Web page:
Some people are Summer people. Some people, spring people. Some are winter people. Some love autumn.
No, I’m not talking about people’s colouring or the things that they like to wear (that is something that I, in fact know very little about). I am simply talking about peoples’ favourite times of year. Some people like to soak up the sunshine in summery garb out in the garden, down at the beach or over at the local pool. Others love to curl up by the fire in their favourite jumper under a rug with a good book and a cup of hot chocolate – or put a movie on. Some love the colours of autumn and the beginnings of that lick of ice in the early evening. And some the radiant brightness of spring, its scents, the new life, the slow steady warmth, the magpies diving at you from overhead…
I never settled to a favourite time of year. I really do enjoy almost all of all seasons – and by the time one ends I am ready for the next. I am not fond of the days that exceed 40 degrees celsius with no cool breeze for long stretches at a time. Hot winds are their own breed of evil in Australia for reasons far beyond temperature tolerance. I’m not a great fan of temperatures at the other end of the spectrum either – especially if they come with a wind. Actually – wind bugs me more than temperature. But seasons – apart from the odd bits like getting up in the dark to go to work in winter – seasons are a delight. Full of life. At least, I always used to think so.
My dog pays attention to the seasons too.
Unlike me, the dog has clear preferences for different times of the year. It took me a while to work this out, but its consistent. The dog is stubborn in winter. He moves slow. He needs more time. He takes more time and holds me up whether I plan it or not and he wears me out more easily than he does during the warmer months. I think he’s arthritic. He gives me no trouble if I allow for the arthritis though. A bit more sleep – 1/2 hr or so more than I need in summer and I’m fine. I just need to be patient.
Summer is usually the dog’s best time of year. He still needs discipline, but he’s more content to walk at heel and doesn’t drag and tug away at the lead. Spring and Autumn are strange. Most of the seasons fall in with the winter and summer behaviour for Dog according to temperature and what the light is doing. In each of these season there comes a point where the light changes – and over these few weeks the dog goes nuts. He is unpredictable. I can not afford to let my guard down for more than a few moments at a time. My sleep gets poor – this starts the ball rolling. My energy levels become low, my motivation to maintain routine relapse prevention strategies gets sloppy and I soooo don’t feel like doing anything about it. It at these times that I have frequently relapsed (almost without exception). I made it through autumn this year. So far I have struggled this far through the last few weeks. Another 3 – 4 should see me through the worst of it.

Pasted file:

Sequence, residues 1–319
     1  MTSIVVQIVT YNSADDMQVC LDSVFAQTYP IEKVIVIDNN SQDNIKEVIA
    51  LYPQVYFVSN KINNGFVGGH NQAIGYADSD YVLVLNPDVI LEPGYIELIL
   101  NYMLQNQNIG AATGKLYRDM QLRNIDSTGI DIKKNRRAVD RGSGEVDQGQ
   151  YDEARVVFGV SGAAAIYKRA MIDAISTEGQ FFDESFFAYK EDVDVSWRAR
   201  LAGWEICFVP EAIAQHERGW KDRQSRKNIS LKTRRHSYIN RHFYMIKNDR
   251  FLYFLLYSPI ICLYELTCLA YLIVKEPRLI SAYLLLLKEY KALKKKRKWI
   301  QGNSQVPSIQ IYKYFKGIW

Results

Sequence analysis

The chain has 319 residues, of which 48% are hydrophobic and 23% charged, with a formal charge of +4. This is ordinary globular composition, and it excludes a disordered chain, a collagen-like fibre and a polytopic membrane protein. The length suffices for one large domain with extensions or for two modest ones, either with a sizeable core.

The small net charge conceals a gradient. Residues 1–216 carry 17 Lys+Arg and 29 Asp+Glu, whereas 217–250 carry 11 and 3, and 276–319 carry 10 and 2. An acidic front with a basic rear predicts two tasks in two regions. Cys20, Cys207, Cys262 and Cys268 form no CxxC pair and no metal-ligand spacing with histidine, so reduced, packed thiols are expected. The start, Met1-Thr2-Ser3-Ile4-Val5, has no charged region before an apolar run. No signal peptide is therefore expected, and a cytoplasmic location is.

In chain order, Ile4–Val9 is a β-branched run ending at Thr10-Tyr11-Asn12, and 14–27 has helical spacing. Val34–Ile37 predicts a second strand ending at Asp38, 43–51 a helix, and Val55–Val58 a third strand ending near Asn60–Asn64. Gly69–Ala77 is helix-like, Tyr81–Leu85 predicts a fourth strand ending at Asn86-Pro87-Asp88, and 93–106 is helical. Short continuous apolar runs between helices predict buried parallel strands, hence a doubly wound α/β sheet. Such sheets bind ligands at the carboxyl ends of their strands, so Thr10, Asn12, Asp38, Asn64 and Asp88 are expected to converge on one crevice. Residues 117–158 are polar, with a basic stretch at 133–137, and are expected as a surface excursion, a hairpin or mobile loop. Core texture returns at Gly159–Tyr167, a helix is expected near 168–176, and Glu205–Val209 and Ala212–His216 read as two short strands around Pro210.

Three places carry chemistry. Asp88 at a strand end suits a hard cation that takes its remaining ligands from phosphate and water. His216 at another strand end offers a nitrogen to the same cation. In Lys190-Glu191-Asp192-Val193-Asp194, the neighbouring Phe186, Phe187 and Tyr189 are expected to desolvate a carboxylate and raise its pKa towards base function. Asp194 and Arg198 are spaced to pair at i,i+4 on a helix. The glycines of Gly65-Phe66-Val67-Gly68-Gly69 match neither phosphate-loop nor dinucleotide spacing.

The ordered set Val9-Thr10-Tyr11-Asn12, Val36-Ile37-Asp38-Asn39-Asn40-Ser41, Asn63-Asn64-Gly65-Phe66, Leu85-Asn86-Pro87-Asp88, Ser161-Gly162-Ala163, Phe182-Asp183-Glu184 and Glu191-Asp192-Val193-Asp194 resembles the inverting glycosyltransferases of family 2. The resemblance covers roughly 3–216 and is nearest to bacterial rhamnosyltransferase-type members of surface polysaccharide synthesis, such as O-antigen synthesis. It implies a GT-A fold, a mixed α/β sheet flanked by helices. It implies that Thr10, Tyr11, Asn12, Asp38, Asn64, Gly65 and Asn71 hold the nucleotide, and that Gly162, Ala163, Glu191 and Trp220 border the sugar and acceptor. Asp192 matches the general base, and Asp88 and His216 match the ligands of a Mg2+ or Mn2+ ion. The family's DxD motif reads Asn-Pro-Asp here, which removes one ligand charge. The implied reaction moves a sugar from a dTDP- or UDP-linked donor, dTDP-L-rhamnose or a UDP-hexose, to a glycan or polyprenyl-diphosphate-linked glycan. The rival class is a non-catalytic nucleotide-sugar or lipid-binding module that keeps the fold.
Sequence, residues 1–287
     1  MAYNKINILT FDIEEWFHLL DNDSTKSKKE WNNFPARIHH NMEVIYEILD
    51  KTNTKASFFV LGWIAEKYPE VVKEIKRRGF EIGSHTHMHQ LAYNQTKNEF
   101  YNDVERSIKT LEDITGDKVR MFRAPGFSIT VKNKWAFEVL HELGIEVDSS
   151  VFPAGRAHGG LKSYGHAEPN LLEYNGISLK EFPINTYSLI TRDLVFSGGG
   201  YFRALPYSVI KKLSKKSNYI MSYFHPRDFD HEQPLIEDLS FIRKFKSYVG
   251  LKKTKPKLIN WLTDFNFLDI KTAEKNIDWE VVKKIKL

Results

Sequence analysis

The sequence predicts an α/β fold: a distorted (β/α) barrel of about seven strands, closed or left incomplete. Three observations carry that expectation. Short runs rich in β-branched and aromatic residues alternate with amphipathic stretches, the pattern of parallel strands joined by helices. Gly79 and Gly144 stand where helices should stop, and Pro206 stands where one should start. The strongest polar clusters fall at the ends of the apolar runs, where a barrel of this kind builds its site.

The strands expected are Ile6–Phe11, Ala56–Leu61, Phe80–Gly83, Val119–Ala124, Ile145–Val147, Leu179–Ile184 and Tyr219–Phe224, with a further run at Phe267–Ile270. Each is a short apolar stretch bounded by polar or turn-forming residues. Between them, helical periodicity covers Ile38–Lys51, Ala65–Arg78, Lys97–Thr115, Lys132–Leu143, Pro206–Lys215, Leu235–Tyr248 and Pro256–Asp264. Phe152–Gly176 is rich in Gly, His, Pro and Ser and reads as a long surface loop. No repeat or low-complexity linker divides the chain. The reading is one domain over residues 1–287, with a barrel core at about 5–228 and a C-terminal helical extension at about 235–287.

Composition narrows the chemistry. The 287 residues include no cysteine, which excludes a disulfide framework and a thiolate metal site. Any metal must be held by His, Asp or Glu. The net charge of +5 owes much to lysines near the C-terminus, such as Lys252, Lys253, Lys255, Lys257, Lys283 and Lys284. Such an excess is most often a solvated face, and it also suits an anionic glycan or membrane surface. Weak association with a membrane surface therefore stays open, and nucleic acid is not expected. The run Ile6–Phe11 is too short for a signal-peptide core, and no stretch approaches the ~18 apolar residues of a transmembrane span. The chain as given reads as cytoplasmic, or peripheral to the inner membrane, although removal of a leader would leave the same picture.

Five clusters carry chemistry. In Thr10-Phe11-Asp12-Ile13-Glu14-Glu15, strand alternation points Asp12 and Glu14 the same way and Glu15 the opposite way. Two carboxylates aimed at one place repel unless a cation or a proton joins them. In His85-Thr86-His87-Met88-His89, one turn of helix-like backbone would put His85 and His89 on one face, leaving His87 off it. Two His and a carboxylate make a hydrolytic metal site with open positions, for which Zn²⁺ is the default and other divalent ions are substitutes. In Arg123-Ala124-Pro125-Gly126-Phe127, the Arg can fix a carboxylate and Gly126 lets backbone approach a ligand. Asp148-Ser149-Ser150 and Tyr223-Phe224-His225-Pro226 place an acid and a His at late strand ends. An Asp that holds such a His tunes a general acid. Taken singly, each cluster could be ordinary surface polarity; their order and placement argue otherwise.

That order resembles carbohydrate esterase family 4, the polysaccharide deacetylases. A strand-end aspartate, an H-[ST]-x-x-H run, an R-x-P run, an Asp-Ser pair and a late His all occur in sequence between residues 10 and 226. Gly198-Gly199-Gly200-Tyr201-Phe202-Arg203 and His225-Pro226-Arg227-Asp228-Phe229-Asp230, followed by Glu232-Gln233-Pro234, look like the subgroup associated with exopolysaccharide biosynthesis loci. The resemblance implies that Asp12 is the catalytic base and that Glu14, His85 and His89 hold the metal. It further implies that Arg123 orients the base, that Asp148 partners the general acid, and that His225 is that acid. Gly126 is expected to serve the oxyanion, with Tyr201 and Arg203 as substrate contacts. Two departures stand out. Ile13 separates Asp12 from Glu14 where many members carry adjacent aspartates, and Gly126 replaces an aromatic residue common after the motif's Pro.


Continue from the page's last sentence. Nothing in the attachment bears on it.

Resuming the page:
Until then, its keep on keeping on and stick to the programme. Watch for warning signs – the very time of year in and of itself is a trigger – even without the presence of other factors. Light does funny things to my health in other areas too. It’s like the dog becomes delirious. Here is a time when I need my friends and family – my supports more than any other time of the year. I’m struggling to get to work on time at the moment, but so far my boss has let me cover with time in lieu. Still, I’m determined to conquer that one too. I get there on time more often than not – just not as often as I should. Just now – when I least feel like it – discipline becomes oh so important.
I had my last review with my Psychiatrist this week. We agreed that it would also be possibly a beneficial thing to increase one of my medications for 1-2 months during the peak risk zone while I’m wrestling risk factors and wavering – just for that short-term – and then go back to my current dose afterwards as the weather and season stabilises a bit more.
Hopefully the combination of ‘personal medicine’ or monitoring of triggers and early warning signs with the kind of action plans that are outlined in my post “Better Medicine” with the temporary medication adjustment will prove to be a good protective measure. I’ve had a good year. I’d hate to mess it up now. I’m hoping to get to at least a whole year without a relapse this year!
So roll on to the latter end of Spring. Because despite all of this, I really do love spring. There’s a certain level of hope and promise in the air in Spring that’s unique to this time of year.
Come Dog. Heel. Walk. Heel. Walk. Heel …